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UNC report says Amendment One does not prohibit domestic partnership benefits

Amendment One Marriage equality

By Jacob Combs

Yesterday, Chapelboro.com, a website affiliated with Chapel Hill, North Carolina’s WCHL radio station, reported that the University of North Carolina School of Government has released a report concluding that the passage of Amendment One, which modified the state constitution to recognize marriage between men and women as the only “domestic legal union,” does not mean municipalities cannot provide domestic partnership benefits.

The report, authored by Associate Professor Diane Juffras, argues that the amendment’s wording prohibits the recognition of gay and lesbian couples, but makes the case that providing benefits does not constitutite recognition per se.  Says Juffras:

“There is no legal precedent in our states law or in any states law for the idea that for a government employer to offer domestic partner benefits gives legal recognition to a union; and more importantly, does what the point of legal recognition is confer rights and responsibilities on a couple under the law.”

Chapel Hill Mayor Mark Kleinschmidt says the UNC report lays the groundwork for a strong legal argument should any litigation against the amendment (or against employers who decide to offer domestic partnership benefits) arise in the courts.  The city has no plan to stop offering the domestic partnership benefits it provides its municipal employees.

Amendment One was always headed towards the courts, since its poor, overly-broad wording opened up a host of legal questions about the truth breadth of the amendment and its effect on pre-existing relationship rights for gay and lesbian North Carolinians.  In the past, courts have been averse to the idea of taking rights away from groups that already enjoy them.  But in North Carolina, the battle over that very question continues.

15 Comments

  • 1. Jamie  |  July 23, 2012 at 8:07 am

    Really? Then it would seem that allowing gays and lesbians to marry within the state also doesn't "recognize" their marriages and would be perfectly legal using this reasoning. This seems like quite a bit of BS.

  • 2. Bill S.  |  July 23, 2012 at 8:44 am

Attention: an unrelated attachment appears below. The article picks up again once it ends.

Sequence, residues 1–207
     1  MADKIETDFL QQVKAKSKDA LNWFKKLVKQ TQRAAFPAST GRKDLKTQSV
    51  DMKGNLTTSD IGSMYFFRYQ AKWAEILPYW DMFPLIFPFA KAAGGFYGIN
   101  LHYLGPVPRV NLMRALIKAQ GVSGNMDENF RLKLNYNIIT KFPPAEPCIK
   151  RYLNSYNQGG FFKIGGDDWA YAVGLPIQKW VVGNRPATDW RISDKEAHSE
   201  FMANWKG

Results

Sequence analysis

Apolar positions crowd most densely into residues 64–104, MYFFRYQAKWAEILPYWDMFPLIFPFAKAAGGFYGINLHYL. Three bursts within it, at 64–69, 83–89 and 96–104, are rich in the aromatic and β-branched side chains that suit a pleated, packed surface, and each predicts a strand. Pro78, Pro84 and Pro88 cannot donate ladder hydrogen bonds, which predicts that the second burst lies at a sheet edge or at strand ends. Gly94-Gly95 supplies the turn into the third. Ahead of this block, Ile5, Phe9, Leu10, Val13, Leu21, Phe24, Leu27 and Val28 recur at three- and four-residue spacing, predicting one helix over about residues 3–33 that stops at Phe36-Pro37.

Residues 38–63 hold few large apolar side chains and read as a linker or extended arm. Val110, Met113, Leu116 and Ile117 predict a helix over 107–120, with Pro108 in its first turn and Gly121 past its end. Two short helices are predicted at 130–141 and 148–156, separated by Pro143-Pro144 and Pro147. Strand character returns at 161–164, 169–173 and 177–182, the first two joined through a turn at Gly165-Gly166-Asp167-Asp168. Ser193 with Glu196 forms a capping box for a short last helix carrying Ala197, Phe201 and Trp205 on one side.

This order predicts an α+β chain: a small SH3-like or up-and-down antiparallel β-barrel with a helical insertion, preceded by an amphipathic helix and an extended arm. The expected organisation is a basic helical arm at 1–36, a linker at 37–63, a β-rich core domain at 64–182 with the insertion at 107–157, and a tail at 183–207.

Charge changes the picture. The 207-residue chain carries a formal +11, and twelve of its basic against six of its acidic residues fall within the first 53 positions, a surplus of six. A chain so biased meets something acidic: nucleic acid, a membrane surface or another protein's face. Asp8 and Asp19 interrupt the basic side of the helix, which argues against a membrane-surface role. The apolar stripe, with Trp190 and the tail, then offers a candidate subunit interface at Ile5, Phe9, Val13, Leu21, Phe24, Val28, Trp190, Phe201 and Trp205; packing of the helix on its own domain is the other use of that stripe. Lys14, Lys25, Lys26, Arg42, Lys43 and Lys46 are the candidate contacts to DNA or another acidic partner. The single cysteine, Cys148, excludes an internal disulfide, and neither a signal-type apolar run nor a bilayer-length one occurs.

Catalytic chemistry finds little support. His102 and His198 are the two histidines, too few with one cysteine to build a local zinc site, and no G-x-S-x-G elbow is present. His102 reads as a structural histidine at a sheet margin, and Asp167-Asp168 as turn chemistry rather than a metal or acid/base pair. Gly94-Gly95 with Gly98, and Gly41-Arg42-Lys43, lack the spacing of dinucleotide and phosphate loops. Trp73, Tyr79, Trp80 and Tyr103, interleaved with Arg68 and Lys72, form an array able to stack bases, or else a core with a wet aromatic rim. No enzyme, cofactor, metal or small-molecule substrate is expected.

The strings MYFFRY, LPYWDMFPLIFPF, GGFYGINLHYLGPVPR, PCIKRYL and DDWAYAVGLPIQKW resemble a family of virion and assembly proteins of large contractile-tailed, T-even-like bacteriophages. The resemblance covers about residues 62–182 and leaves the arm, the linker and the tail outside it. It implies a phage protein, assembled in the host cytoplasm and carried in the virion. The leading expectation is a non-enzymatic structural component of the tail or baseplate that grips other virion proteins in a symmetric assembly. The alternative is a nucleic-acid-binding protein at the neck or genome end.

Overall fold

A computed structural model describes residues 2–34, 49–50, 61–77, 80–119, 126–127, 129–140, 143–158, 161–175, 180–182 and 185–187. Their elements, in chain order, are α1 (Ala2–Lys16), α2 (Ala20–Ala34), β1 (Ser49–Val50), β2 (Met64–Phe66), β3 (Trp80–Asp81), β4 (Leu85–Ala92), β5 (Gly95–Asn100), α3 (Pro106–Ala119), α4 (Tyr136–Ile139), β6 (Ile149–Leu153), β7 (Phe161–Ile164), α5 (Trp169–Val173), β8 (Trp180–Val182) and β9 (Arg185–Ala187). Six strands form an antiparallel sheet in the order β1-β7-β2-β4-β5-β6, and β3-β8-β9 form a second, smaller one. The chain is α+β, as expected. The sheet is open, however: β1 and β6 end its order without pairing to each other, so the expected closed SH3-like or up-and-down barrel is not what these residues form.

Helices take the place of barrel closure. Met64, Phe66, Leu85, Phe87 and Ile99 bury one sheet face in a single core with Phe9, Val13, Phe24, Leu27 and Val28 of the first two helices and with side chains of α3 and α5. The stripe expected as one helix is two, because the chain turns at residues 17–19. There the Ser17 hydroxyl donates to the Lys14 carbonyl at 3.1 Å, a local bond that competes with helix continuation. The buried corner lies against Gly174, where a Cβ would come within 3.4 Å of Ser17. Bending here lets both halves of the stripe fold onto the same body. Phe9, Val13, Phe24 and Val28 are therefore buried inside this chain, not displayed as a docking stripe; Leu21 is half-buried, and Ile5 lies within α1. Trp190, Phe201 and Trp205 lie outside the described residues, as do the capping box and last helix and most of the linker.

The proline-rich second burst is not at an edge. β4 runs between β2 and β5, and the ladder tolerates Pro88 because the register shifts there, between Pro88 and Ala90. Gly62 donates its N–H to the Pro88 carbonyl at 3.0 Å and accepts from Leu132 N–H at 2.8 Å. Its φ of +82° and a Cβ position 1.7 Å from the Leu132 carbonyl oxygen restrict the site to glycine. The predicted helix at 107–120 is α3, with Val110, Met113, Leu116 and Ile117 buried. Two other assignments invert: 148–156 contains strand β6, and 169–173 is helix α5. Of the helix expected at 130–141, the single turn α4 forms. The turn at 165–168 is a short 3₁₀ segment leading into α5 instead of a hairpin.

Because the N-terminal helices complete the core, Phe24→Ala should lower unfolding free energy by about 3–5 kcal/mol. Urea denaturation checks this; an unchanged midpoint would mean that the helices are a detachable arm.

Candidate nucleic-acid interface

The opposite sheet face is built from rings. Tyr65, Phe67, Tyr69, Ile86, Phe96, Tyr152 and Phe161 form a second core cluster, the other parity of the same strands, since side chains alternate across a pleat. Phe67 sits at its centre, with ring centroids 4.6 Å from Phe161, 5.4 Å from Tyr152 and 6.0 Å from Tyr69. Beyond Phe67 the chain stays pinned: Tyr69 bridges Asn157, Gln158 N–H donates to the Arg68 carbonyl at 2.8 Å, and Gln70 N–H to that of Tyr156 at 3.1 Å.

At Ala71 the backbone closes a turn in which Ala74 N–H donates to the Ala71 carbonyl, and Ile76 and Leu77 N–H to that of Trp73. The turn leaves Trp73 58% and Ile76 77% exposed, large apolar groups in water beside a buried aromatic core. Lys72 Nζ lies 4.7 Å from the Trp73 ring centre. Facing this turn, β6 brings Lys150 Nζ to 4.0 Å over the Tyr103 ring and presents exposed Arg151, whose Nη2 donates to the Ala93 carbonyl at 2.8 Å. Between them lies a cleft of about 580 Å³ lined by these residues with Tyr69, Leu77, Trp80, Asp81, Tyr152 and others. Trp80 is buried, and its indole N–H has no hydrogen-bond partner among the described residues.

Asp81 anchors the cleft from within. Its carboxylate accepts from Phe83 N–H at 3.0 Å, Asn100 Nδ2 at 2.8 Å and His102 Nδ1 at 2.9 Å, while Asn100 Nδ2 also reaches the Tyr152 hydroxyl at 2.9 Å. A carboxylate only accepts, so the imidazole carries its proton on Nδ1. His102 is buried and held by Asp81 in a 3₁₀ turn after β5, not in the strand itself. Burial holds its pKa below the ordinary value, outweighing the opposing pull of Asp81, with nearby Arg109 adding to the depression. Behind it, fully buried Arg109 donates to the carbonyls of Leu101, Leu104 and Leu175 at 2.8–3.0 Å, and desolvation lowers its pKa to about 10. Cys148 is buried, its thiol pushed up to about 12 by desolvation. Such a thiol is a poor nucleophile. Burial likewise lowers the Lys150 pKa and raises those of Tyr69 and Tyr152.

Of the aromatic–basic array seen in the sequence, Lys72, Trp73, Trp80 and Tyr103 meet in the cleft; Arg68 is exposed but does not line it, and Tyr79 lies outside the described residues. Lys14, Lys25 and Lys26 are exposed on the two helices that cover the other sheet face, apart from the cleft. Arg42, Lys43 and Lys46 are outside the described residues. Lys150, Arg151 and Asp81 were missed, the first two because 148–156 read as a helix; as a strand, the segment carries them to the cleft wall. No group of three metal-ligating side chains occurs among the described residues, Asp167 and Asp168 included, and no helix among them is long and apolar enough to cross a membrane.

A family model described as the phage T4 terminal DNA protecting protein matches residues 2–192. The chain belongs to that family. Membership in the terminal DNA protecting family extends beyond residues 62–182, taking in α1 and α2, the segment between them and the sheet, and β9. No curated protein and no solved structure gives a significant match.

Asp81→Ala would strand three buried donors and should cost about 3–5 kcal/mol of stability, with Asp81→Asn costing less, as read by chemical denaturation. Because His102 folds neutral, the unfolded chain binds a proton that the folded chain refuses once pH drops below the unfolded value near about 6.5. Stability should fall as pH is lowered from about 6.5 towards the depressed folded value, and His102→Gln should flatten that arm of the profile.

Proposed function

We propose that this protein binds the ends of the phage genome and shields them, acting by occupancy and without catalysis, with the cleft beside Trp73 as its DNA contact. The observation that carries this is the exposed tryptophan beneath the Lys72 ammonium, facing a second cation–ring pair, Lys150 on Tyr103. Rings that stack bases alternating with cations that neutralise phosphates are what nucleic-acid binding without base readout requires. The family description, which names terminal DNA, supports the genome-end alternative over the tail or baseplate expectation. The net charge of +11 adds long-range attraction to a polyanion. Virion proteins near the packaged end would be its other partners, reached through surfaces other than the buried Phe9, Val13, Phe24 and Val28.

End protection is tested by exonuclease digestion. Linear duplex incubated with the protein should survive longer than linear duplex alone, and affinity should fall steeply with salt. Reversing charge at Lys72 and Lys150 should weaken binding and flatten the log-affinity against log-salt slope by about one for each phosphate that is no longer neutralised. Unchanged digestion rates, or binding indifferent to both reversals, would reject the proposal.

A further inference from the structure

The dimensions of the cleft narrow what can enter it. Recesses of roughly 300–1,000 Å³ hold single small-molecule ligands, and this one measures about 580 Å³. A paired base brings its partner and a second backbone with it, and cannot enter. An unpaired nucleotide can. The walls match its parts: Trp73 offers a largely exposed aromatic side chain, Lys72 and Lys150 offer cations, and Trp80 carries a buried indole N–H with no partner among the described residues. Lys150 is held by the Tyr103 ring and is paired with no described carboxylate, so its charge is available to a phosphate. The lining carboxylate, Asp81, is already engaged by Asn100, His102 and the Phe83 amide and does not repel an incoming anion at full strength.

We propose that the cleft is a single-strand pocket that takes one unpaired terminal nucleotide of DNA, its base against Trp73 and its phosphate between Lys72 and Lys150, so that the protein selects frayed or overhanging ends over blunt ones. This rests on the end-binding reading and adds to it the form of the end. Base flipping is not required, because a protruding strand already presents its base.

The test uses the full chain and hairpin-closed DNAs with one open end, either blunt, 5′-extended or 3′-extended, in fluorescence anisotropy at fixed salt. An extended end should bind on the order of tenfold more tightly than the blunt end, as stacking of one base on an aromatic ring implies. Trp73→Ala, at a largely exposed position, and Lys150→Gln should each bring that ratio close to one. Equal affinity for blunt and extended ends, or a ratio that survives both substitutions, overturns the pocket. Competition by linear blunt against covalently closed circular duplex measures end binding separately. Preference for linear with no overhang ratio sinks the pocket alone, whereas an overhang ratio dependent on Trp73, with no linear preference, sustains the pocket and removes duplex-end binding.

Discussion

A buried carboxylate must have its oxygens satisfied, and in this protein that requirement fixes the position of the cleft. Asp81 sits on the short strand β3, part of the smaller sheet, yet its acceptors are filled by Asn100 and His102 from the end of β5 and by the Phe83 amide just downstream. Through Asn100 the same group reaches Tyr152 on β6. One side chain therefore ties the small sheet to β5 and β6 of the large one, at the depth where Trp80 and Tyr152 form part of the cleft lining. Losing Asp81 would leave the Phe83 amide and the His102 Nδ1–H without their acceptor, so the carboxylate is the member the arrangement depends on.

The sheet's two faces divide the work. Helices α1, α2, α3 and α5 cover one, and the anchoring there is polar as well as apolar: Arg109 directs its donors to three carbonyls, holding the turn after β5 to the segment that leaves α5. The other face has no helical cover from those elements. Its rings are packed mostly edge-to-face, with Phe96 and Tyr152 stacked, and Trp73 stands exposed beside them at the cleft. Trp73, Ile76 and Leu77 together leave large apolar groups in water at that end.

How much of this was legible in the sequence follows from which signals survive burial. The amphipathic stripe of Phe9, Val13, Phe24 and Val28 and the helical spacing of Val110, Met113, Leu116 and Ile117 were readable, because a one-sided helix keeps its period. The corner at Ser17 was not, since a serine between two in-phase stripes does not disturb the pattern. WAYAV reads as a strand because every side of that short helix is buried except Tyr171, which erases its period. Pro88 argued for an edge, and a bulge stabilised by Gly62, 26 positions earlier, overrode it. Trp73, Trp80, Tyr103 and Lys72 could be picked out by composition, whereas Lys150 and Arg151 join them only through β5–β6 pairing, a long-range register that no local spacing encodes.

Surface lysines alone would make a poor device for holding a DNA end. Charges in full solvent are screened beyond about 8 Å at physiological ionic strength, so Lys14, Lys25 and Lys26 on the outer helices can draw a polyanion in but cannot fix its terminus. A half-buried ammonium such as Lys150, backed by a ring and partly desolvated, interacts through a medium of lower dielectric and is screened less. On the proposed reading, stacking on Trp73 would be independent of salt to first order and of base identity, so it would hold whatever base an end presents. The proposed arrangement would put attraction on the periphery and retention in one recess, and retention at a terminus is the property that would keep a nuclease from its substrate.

The amendment seems pretty straightforward: heterosexual marriage is the only domestic legal union recognized in the state. If you are not straight-married, your relationship does not exist in the eyes of the government.

  • 3. jpmassar  |  July 23, 2012 at 9:14 am

    Really???

    the point of legal recognition is confer rights and responsibilities on a couple under the law.

    Marriage confers rights and responsibilities under state law. QED.

  • 4. Mark B.  |  July 23, 2012 at 9:47 am

    <img src="http://www.mynewcarquote.us/ikea/is.jpg"/&gt; This is puzzling to me, i mean are they hinting something here?<img src="http://www.mynewcarquote.us/xbox/vi.jpg"/&gt;

  • 5. Steve  |  July 23, 2012 at 11:03 am

    Their argument is basically that domestic partnerships – as long as they exist at a local level only – aren't recognized in any way by the state government, so they aren't affected.

  • 6. AnonyGrl  |  July 23, 2012 at 11:40 am

    I love this. They are finding ways around Amendment One already. It isn't a GOOD solution, but if it gets people the benefits they need until the courts overturn it, I am all for it!

    The way I read this is that local municipalities can offer benefits without the state making any legal recognition of the relationship. And why not? Why shouldn't a local municipality decide they were going to give benefits to whomever they pleased? As long as they do so within their own local regulations, it is fine. They are not forcing the state to recognize anything, just taking care of their own employees on their own level.

  • 7. Bill S.  |  July 23, 2012 at 11:51 am